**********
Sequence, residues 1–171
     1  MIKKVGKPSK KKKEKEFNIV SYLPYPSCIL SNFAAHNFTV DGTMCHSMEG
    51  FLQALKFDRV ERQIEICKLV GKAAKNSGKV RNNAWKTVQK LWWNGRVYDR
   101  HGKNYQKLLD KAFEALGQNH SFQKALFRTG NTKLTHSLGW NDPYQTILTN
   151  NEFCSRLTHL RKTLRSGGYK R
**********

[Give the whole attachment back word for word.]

Sequence, residues 1–171
     1  MIKKVGKPSK KKKEKEFNIV SYLPYPSCIL SNFAAHNFTV DGTMCHSMEG
    51  FLQALKFDRV ERQIEICKLV GKAAKNSGKV RNNAWKTVQK LWWNGRVYDR
   101  HGKNYQKLLD KAFEALGQNH SFQKALFRTG NTKLTHSLGW NDPYQTILTN
   151  NEFCSRLTHL RKTLRSGGYK R